The coronavirus outbreak has indeed rattled the auto industry with lower vehicle demand amid economic slowdown and lackluster consumer sentiment. While auto biggies have been ramping up production to make up for the lost production during the two-month shutdown, some companies are still laying off workers and cutting production amid low demand. Last week, General Motors announced that it would retrench the third shift at the SUV plant in Spring Hill, which will result in the dismissal of 680 workers. Harley-Davidson also intends to axe 140 jobs in the United States amid lower production levels.
Meanwhile, the J.D. Power 2020 U.S. Initial Quality Study released last week. While Dodge and Kia held the top positions, Tesla took the last spot. Overall, domestic brands including Dodge, GMC, RAM, Chevrolet, Jeep, Cadillac and Buick fared better in this year’s study than the foreign counterparts.
(Read the Last Auto Stock Roundup here)
Recap of the Week’s Most Important Stories
1. Winnebago Industries, Inc. (WGO - Free Report) reported a loss of 26 cents per share in third-quarter fiscal 2020, narrower than the Zacks Consensus Estimate of a loss of 41 cents. However, earnings of $1.14 a share were recorded in the year-ago quarter. Weak demand and disruptions across dealer network and supply chain due to coronavirus woes impacted the firm.Revenues in the reported quarter decreased 24% year over year to $402.4 million. The top line, however, beat the Zacks Consensus Estimate of $326 million. Revenues in the Towable segment declined 45.5% year over year to $188.9 million. Revenues in the Motorhome segment improved 27.1% year over year to $203.6 million driven by the Newmar buyout, partly offset by COVID-19 woes. The firm approved a quarterly dividend of 11 cents per share, payable on Jul 1 to shareholders of record as of Jun 17, 2020.
2. Ford (F - Free Report) has vowed to become carbon free by 2050, a target that will put the automaker in line with the expectations set by the landmark Paris climate agreement. The company will focus on three key sources that make up to 95% of carbon dioxide emissions, including emissions from the vehicles it sells and factories, along with suppliers.Ford is committed to spend more than $11.5 billion in electric vehicles through 2022 by introducing zero-emission versions of some of the company’s popular vehicles, including the Mustang Mach-E, which will arrive in dealerships this year, as well as the Transit Commercial EV and full-electric F-150 that is coming in 24 months. Ford has also set a target of completely powering all manufacturing plants by 2035 with locally-sourced renewable energy, which indicates that energy would be derived only from sources like hydropower, geothermal, wind or solar.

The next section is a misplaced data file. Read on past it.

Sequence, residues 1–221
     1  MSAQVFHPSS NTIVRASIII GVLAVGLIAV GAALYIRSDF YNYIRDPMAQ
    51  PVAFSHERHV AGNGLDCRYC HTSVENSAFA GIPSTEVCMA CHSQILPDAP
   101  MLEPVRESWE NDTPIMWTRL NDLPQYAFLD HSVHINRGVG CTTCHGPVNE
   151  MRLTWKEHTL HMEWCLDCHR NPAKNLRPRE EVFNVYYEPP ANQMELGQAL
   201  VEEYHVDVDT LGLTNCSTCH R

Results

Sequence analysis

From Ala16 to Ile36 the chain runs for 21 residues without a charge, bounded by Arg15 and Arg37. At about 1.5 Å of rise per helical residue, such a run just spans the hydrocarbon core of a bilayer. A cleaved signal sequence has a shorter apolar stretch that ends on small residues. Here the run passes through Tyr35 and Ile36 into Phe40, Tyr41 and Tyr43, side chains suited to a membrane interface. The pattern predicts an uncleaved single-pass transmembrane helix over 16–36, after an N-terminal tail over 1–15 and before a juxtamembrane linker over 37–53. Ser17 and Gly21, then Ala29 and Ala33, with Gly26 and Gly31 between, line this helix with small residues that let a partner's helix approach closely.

3. Cummins Inc. (CMI - Free Report) signed an agreement with NPROXX to form a joint venture (JV) for hydrogen storage tanks. Cummins and NPROXX will each own 50% of the new partnership and are expected to close the deal by the end of first-quarter 2021. The JV will be included as part of Cummins’ New Power business segment. The JV, which will still operate under the NPROXX name, will provide hydrogen and compressed natural gas storage products to customers for both on-road and rail applications. The collaboration will also bring rapidly-increasing hydrogen capability to Cummins in order to expand its fuel cell and hydrogen-processing technology capabilities. The addition of hydrogen storage to Cummins’ existing capabilities in hydrogen production and fuel cells will enable the firm to accelerate viability and adoption of these technologies in commercial markets.
4. The Goodyear Tire Rubber Company (GT - Free Report) and Lordstown Motors will collaborate for tires and services, in addition to future tire intelligence opportunities. Under the deal, Goodyear plans to procure new Endurance trucks, the all-electric pickup truck from Lordstown, in order to incorporate into its own servicing fleet, acknowledging the sustainable footprint of all-electric vehicles. The launch coincides with Lordstown's unveiling of its first all-electric pickup truck — the Endurance — on Thursday, featuring Goodyear. Goodyear aims to be the tire maker of choice for EV suppliers. The company’s latest alliance with Lordstown reflects an ideal relationship with shared Ohio origins and mutual innovation, performance, and sustainability values.
5. Toyota Motor (TM - Free Report) recently announced that domestic production volume in July is expected to recover and return to 90% of target output, as states continue to ease shelter-in-place strategies and begin reopening processes that were imposed due to the coronavirus outbreak. Toyota would make 10% fewer vehicles in July than originally planned, as it gradually resumes production following factory closures earlier this year amid the coronavirus crisis. While production is yet to return to normal, July's reduction is lower than 40% production cut in June. It expects the recovery trend to continue in August.Although Toyota halted production at some of the domestic factories from April to June, it will not change its plan of producing at least 3 million cars in Japan in 2020.
The following table shows the price movement of some of the major auto players over the past week and six-month period.
In the past week, all stocks have slid. In the past six months, all stocks apart from Tesla have declined.
What’s Next in the Auto Space?
Watch out for usual news releases and further updates on the impact of the COVID-19 pandemic on the auto sector. Car enthusiasts will be keeping a close watch on June 2020 U.S. car sales, which will be coming out this week. Investors in the auto sector would be closely tracking the monthly sales reports of auto biggies including Honda Motor, Hyundai and Toyota.
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